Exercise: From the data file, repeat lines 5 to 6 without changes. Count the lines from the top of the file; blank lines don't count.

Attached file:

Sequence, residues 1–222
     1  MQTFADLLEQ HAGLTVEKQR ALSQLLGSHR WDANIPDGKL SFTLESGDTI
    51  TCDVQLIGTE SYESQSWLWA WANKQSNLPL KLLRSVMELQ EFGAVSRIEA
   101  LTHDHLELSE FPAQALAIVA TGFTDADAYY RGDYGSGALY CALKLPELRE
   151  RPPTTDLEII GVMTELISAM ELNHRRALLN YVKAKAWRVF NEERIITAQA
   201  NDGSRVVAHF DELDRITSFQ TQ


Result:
   151  RPPTTDLEII GVMTELISAM ELNHRRALLN YVKAKAWRVF NEERIITAQA
   201  NDGSRVVAHF DELDRITSFQ TQ